Fertilizing: Other than mixing in some compost when planting, and adding an annual 1 to 2 inch thick layer of compost each spring, ornamental grasses don't require extra fertilizer. If you're growing ornamental grasses on very poor soil, consider adding a small amount of an organic 5-5-5 fertilizer in spring.
Trimming & Pruning: The beauty of ornamental grasses is their fall flower heads that will last into spring. Leave the flower heads in winter to enjoy or cut a few to bring indoors and add to your flower arrangements.
When you cut back your grasses depends on if they are cool or warm-season grasses. Cool-season grasses such as fescue, ribbon grass, feather grass and northern sea oats should be cut back in early spring before new growth starts. Cut back the plant so about 1/3rd of the old growth remains.
Warm-season grasses, such as Japanese blood grass, maiden grass, and fountain grass, should be trimmed in fall if you don't want to save the grass heads, or mid spring before new growth starts. Cut these back to the ground. Use a hedge trimmer or hand pruners to cut back your grasses. Some, such as Miscanthus grass, have sharp grass blades, so wear gloves as well. Before cutting the grasses back, wrap a rope or Velcro tie around the bundle of grass and cut below the wrap. This makes it easier to gather the grass and move to the compost pile.
Mulching: Ornamental grasses benefit from a 2- to 3-inch layer of bark mulch added in spring. This will help maintain soil moisture and prevent weeds from getting established between the grasses.
Ornamental Grass: End of Season Care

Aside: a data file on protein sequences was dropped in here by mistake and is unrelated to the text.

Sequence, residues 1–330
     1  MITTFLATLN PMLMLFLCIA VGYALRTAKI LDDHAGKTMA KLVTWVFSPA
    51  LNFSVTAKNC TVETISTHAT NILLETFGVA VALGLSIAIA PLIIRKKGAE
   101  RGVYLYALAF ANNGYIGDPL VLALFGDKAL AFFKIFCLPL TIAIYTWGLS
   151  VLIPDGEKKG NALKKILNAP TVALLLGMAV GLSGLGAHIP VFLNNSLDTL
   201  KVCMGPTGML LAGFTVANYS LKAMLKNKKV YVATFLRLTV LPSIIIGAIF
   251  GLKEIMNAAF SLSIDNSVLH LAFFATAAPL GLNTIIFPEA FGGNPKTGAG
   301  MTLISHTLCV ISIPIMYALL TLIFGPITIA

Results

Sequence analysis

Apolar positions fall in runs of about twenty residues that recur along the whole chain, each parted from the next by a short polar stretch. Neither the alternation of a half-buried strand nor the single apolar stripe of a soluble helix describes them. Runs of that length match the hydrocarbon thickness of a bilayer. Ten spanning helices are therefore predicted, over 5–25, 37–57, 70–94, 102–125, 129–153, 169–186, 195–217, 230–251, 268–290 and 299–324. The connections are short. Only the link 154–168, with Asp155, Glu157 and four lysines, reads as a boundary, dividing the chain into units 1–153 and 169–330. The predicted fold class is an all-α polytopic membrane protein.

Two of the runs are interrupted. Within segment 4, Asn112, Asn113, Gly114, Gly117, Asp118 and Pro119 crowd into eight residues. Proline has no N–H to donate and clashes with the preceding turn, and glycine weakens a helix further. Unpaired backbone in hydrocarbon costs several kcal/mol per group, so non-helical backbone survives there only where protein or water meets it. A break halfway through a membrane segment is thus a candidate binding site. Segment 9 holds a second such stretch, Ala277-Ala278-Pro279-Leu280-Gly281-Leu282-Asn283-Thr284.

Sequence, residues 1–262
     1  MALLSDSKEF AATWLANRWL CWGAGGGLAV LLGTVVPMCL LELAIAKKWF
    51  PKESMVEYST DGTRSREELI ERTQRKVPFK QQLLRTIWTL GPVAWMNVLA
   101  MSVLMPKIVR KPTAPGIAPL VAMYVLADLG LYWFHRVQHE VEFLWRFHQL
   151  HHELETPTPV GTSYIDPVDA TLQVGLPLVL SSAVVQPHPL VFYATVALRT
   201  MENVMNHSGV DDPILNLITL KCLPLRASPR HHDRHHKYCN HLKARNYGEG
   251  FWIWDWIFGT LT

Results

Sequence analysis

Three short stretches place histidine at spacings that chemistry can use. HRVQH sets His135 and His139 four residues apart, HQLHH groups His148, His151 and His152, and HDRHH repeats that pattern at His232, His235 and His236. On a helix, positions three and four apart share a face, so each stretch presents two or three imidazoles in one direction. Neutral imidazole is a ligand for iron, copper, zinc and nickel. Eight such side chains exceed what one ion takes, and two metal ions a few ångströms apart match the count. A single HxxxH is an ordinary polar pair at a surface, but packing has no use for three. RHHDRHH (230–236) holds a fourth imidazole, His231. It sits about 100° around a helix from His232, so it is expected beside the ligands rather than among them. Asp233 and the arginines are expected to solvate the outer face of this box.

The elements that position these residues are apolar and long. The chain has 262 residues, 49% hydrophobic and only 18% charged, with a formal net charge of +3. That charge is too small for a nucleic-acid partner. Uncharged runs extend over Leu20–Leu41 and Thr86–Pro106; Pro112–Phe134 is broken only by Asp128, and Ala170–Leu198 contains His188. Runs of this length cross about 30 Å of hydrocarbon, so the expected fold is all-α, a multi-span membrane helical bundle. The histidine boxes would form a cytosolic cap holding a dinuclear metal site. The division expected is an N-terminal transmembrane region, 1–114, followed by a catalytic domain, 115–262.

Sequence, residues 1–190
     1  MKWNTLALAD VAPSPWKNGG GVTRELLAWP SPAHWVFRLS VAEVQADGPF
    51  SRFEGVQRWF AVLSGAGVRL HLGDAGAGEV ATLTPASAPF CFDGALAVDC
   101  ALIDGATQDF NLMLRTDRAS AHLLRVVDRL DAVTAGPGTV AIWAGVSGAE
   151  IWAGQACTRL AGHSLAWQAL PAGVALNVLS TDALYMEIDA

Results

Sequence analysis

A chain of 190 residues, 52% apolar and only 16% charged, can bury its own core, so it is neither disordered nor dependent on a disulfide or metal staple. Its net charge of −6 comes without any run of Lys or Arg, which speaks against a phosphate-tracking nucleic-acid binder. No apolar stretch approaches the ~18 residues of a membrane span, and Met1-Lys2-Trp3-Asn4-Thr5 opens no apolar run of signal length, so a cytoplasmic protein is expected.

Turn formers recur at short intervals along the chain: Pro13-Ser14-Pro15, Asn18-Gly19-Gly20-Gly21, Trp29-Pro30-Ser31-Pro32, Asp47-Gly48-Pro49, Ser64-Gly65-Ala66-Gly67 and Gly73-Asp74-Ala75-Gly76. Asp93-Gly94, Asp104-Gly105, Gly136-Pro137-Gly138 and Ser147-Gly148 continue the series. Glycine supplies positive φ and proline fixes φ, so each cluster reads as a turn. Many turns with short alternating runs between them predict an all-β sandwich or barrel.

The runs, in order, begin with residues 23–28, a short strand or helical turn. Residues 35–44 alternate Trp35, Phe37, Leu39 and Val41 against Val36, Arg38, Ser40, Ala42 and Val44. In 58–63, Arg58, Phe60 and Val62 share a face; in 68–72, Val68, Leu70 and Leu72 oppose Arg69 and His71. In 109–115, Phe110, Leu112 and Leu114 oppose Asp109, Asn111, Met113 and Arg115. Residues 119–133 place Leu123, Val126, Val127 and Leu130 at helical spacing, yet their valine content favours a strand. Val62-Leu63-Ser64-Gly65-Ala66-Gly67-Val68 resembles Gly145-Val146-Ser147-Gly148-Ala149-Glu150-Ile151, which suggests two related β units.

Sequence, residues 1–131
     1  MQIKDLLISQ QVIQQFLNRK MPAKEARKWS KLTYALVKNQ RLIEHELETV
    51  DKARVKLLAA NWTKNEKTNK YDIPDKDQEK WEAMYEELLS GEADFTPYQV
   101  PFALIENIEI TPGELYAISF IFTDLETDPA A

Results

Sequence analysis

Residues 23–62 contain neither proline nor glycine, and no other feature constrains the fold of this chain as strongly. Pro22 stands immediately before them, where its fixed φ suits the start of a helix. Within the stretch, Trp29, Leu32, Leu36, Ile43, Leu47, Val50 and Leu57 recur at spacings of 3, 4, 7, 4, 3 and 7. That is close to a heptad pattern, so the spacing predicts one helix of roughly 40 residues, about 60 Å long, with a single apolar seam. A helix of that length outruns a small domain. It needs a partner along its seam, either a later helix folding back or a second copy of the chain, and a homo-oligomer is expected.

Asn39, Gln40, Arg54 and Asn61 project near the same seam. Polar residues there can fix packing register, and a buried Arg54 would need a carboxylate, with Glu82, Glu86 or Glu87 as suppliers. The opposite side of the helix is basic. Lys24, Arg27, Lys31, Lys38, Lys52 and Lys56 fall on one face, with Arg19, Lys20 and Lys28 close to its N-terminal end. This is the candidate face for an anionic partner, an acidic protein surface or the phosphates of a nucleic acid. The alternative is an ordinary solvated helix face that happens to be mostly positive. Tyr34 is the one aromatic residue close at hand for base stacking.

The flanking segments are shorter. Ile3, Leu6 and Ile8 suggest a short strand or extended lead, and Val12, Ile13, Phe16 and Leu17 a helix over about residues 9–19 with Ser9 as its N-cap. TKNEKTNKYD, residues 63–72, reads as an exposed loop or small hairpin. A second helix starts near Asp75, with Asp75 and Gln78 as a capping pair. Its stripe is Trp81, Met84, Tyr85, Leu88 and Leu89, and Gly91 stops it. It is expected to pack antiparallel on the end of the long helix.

Dividing & Transplanting: Ornamental grasses can get too large for an area and may need dividing every few years. This is also a good way to spread favorite ornamental grasses around your yard or share with friends and family. Also, some of the clumping types will die out in the center, indicating that they need to be divided.
To divide your cool-season ornamental grass, in spring before new growth starts and after cutting back the grass, dig up the clump. With a sharp spade or even a large serrated garden knife, cut the clump into sections. Replant in a similar area as the original grass, adding compost to the hole and water well. Divide warm season grass the same way from mid spring to early summer.
Pests & Disease: Ornamental grasses generally are low maintenance and pest free. However, young plants and new growth can sometimes have aphids and spider mites on the foliage. Sprays of insecticidal soap can kill them.
Diseases, such as rust and powdery mildew, can also effect ornamental grasses, especially in wetter areas. Space plants further apart and clean up the dead foliage well in winter or early spring to remove any fungal spores in the area.
While deer generally avoid most grasses, they still might show an interest, especially in ornamental grasses with young or more-tender leaves. Repellent sprays containing garlic, cayenne, rotten eggs or slaughterhouse waste, can be rotated and applied on the foliage to keep deer away. Of course, a 7-foot tall fence around your garden is the best defense.
Ornamental Grass: Extra Info
Ornamental grasses are not only low maintenance, attractive additions to your landscape, they are good wildlife plants providing feed and shelter for birds. They also are an ecologically good choice since they require little care and help prevent erosion.
To learn more about the plants we sell and how to grow them in your garden beds and patio containers, sign up for our inspiring emails.